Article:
A big one is going to be online health records. “Citizens will opt to allow different organisations access to their health records through MiArgentina,” he says. His team are working with the Ministry of Health to connect systems across private and public hospitals. The work started in December, with vaccination records being made available online from April and other health records by the end of June.

These will be followed by the launch of Argentina’s national identity card on the app by June. “That will be huge because it’s 44 million people – it’s our entire population,” Abadie says. Concurrently, a number of other services are being released on the app, including reminders on social benefit payments, vehicle insurance proof and disability certificates.

MiArgentina has attracted attention from neighbouring countries, with Chile and Uruguay now looking at allowing Argentine digital driving licences to be used across its borders.

GovTech in South America

Argentina’s arrival on the global GovTech scene is timed with the broader growth of digital government teams across South America. Among them is Peru, who like Argentina, Singapore and Australia, have a centralised unit reporting directly to the head of the government.

The Peru team have longer-term goals with plans to get “everything online by 2030”. Argentina instead opted for shorter timelines and smaller but more frequent updates to its services. Abadie has borrowed this approach from Mike Bracken, the founder of UK’s Government Digital Service, who built a reputation by proving that governments can build things quickly. “We need to deliver things as fast as we can,” Abadie says. “The only way digital units can survive is shipping things; by building things that work for people.”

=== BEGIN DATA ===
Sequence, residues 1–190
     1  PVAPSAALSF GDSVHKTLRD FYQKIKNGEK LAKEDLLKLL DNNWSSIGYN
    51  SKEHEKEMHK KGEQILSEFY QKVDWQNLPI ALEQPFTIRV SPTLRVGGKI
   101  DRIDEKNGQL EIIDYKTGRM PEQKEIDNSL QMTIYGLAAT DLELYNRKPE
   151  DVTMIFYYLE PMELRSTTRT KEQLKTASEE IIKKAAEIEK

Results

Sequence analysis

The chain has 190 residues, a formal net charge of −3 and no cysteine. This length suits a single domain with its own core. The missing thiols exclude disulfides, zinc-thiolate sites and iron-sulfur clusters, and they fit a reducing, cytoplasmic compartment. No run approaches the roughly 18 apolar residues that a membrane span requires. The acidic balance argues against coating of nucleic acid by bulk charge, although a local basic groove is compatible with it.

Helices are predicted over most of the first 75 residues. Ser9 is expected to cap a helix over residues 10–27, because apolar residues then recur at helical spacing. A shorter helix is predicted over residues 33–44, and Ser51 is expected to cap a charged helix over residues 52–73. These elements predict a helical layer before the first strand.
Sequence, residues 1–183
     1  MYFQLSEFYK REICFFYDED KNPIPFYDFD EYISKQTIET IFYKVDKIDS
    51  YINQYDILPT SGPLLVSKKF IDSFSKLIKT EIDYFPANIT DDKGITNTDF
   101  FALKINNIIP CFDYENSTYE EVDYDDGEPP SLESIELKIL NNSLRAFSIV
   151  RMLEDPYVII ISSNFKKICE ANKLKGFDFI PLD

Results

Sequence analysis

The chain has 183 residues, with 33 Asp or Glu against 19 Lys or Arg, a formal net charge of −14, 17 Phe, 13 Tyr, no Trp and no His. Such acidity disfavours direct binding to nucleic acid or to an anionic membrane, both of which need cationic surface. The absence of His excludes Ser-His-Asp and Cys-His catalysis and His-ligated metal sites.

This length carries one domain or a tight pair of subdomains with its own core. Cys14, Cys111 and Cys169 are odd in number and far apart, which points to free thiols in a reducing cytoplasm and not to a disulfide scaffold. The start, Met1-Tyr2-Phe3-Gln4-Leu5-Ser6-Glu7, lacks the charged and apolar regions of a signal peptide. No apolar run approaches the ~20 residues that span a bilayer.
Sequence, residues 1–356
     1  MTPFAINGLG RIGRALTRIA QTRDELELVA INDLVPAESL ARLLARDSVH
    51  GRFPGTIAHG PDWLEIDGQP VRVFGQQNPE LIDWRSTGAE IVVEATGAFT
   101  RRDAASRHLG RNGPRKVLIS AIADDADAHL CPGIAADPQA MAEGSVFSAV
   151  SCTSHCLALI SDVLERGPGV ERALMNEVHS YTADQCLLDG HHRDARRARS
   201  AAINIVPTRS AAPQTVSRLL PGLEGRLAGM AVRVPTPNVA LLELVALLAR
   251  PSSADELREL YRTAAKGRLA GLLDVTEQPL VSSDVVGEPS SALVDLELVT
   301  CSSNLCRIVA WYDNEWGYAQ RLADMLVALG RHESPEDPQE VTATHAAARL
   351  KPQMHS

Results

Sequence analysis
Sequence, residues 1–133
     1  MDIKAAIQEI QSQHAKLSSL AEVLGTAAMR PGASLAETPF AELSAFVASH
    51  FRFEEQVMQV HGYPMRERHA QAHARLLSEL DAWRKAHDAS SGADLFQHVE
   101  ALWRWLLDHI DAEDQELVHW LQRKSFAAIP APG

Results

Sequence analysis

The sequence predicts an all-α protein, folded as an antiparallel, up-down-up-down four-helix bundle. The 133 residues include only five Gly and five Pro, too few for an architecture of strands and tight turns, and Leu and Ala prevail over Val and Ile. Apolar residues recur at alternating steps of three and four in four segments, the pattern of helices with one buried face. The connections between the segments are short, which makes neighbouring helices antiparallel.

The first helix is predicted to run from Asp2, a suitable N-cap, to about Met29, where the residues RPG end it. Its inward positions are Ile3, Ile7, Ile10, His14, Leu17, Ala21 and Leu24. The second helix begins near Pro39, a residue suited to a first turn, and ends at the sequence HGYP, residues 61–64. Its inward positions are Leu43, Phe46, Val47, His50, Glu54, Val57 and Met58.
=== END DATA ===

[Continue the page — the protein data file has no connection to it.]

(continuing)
Summer has now ended in Argentina – we managed to catch up with Abadie just after the final weekend of carnaval holidays. It’s been a busy holiday period for him and his team who’ve worked through weekends to meet deadlines for the driving licence project.

By the sounds of it, this is paying off: The digital unit has proven to line ministries that they can build digital services and build them quick – and others are now lining up to work with them.